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The infinite anime of Masaaki Yuasa

The endless experiments of a director who, one film after another, is drawing his personal attempt to advance the anime world

by Giacomo Donati

Although it represents one of Japan's most immediate visiting cards all over the world, and perhaps one of the reasons why many in the West have come closer to its culture, the international audience knows only a few names related to Japanese animation: actually, without exaggeration, it can be said that most of those who consume anime know only the first and last name of the one who has been labeled - a bit simplistically - the Walt Disney of the East, Hayao Miyazaki, who is sometimes associated with his equally great companion of long-course adventures, recently missed - Isao Takahata.

Going forward in the territories occupied by fans of the genre, someone emerges from the limbo, but still few are the directors who have imposed themselves in the collective memory.

One of these, Mamoru Oshii, director of the film adaptation of the series Ghost in the Shell, since a few years has moved away from the anime realm, to devote himself to directing live productions, while another great, capable of achieving widespread notoriety even outside the narrow confines of the Japanese archipelago, Satoshi Kon, author of cult films like Paprika or Tokyo Godfathers, would have had much more to say through animation (one of his films is still in the works and looking for the necessary funds to be completed), if he hadn’t been prematurely killed by an incurable disease.

In this bare view, not to say desolate, a man endowed with a very special trait and vision deserves to be discovered, after having made his way first among the insiders, then among the enthusiasts and, ultimately, even among the least savvy: Masaaki Yuasa.

After training at the beginning of the 90s as an animator with relatively traditional productions - such as the popular Chibi Maruko-chan series - Yuasa quickly ascended all the steps of the animation world, establishing himself at the end of the decade as one of the most innovative animators in the sector, thanks to short films like Noiseman Sound Insect and Cat Soup, up to a first consecration with the feature film Mind Games, which introduced him for the first time to the general public.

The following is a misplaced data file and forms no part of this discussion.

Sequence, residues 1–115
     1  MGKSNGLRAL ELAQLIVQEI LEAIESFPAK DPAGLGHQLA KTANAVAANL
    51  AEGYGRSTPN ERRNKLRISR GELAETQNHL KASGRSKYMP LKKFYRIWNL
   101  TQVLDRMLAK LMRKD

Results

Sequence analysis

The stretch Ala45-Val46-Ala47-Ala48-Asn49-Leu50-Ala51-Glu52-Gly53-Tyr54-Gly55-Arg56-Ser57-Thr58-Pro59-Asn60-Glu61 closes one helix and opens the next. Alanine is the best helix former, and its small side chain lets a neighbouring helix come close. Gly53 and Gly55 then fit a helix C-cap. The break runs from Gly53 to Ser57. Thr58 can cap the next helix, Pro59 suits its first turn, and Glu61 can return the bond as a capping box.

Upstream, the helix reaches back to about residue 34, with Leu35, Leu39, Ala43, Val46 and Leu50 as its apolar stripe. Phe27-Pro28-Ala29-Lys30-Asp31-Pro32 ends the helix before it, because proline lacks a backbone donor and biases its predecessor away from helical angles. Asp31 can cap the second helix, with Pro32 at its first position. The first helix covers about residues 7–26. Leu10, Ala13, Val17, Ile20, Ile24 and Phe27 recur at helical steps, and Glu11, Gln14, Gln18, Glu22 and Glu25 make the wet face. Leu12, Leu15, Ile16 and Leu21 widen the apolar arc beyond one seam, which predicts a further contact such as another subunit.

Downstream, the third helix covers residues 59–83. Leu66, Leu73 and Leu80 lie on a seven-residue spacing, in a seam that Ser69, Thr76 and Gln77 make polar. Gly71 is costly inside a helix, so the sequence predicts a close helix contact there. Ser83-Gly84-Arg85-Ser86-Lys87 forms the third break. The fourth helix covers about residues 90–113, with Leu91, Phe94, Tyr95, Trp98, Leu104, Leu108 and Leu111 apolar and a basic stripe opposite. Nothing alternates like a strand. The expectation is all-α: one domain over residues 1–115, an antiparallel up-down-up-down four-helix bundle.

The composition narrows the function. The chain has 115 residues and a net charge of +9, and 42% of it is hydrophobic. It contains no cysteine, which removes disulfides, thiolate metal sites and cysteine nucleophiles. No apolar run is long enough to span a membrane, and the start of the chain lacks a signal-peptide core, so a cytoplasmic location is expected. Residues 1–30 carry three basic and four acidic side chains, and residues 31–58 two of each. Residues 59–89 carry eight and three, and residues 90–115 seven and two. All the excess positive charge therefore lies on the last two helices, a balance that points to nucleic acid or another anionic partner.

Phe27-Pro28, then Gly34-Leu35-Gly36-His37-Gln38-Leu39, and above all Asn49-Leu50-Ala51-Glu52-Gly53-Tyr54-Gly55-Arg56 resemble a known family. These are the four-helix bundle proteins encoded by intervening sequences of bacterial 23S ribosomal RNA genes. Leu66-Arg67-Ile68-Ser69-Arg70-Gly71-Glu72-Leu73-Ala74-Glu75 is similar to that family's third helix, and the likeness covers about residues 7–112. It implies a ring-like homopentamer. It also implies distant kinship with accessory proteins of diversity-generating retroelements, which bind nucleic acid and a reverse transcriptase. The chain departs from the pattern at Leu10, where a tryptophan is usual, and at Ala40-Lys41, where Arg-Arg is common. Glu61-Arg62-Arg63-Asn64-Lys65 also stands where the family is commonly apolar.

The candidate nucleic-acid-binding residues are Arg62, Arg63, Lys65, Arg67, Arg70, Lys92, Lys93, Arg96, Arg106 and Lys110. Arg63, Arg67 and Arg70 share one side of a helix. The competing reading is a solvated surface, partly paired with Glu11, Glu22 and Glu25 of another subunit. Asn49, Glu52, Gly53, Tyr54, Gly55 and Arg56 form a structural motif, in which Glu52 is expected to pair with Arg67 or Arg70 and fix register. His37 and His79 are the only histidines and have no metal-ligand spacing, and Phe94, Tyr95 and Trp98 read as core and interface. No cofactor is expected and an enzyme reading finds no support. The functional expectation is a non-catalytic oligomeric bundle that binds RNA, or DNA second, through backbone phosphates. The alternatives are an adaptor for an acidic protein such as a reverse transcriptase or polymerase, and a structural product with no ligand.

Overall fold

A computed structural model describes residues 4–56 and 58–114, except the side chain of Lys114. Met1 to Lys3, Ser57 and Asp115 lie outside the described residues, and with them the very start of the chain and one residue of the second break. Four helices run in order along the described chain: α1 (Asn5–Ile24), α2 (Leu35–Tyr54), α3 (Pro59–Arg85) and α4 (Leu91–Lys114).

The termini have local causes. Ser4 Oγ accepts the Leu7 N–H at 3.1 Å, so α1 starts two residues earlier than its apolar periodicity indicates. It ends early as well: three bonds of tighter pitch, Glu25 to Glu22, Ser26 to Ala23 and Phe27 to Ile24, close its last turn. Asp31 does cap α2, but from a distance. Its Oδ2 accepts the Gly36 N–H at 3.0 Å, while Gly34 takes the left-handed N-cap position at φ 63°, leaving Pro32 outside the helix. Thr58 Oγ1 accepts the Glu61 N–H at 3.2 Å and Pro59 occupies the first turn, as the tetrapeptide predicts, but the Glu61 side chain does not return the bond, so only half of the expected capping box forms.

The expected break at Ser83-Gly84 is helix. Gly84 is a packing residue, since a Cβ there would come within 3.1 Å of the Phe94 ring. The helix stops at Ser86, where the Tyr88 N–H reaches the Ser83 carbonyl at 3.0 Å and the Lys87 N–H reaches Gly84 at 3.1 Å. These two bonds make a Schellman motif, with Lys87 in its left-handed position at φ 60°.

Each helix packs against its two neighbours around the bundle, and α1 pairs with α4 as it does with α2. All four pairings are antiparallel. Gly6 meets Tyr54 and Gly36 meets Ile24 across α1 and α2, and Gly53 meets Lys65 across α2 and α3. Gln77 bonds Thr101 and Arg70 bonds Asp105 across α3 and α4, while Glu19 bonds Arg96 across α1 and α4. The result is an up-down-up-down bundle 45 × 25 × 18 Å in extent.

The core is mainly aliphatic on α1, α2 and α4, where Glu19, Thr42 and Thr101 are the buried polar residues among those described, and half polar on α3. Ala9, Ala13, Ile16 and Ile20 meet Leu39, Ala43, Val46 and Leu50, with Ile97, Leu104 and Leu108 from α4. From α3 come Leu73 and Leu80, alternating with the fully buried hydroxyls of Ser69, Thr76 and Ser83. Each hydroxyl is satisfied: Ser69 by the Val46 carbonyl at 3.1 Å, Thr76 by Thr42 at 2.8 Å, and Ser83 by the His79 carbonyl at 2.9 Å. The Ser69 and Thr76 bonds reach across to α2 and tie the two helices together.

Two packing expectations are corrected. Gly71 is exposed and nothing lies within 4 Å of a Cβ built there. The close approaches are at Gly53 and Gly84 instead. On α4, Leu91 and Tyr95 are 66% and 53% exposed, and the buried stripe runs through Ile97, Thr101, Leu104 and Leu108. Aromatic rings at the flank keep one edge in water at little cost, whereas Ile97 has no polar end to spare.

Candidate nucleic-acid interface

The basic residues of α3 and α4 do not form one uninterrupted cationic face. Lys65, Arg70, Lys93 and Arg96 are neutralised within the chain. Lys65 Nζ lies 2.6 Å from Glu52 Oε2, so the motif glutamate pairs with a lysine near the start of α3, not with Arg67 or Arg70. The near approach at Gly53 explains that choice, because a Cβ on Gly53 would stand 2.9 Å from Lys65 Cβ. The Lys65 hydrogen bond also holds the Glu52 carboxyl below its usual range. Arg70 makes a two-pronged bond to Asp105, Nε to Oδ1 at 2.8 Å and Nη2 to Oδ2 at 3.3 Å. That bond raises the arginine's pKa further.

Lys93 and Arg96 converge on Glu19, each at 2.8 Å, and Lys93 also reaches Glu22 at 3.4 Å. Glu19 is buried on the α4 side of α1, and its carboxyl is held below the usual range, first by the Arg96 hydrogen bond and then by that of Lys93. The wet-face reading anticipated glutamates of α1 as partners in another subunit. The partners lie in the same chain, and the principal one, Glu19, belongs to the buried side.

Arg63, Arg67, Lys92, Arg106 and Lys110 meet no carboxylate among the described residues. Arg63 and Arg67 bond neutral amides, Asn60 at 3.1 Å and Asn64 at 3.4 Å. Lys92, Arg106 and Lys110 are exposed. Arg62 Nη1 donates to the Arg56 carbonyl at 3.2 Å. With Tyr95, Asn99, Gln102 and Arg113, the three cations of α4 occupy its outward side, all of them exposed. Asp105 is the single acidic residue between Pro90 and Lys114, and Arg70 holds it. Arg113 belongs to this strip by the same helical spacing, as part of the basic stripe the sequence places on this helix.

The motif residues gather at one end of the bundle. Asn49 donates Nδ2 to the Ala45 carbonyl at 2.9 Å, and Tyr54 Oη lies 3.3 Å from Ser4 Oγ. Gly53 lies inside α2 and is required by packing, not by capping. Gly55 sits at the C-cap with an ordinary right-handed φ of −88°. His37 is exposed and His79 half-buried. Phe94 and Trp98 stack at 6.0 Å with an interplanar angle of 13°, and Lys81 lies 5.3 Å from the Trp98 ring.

From then on, contrary to what could be imagined, the style of Yuasa, instead of defining itself and modeling itself in an easily recognizable way, the so-called trademark, perhaps to please the public and producers, has on the contrary evolved into a multiplicity of forms and languages, with heterogeneous productions, yet all strongly connoted by an undoubtedly unique vision.

A small roundup can convey the sense:

Mind Games (2004), is an extraordinary trip of an hour and a half, filled with memorable inventions and characterized, in the words of the director himself, by "a look that was a bit wild and patchy".

After having imposed on the public its way of doing anime, Yuasa faces a television series with darker and gloomier tones, Kemonozume (2006)

followed by further very experimental works, which firmly fix some fundamental elements of Yuasa's aesthetics, Happy Machine and Kaiba, both of 2008, up to the series The Tatami Galaxy of 2010, in which his creative talent reaches new heights, bordering on psychedelic

followed in turn by the brilliant Ping Pong series, taken from the homonymous manga by Taiyo Matsumoto, with which Yuasa uses new interesting tricks to transpose the atmosphere of comics into animation.

The consecration arrives with his two latest feature films, both of 2017, the first of which, The Night is Short, Walk on Girl, represents a more mature development of the work carried out with The Tatami Galaxy

while the second, a clear tribute to Ponyo on the cliffs of Miyazaki, is considered his most mainstream work to date, while keeping intact, on closer inspection, the peculiarities of its vision.

In 2018 a new production for Netflix, Davilman Crybaby, in addition to distance him once again from the previous work, that made his fans fear for a more commercial turn of Yuasa, marked instead another pirouette, touching dark and horror theme.

But, as we are talking about a tireless author, not accustomed to being labeled, this parenthesis is followed by another romantic comedy with bizarre tones, "Kimi to, nami ni noretara" (Ride your wave), released in June 2019, and it is recent news that our hero is working again with mangaka Taiyō Matsumoto to make a musical entitled "Inu-Oh", centered on the true story of a nō theater dramatist and actor, very popular in 14th century Japan.

Thus sounds like we are on a verge of a new eccentric deviation, a new experiment perhaps destined to make us discover another facet of a versatile artist with a with a creative vision really out of the ordinary.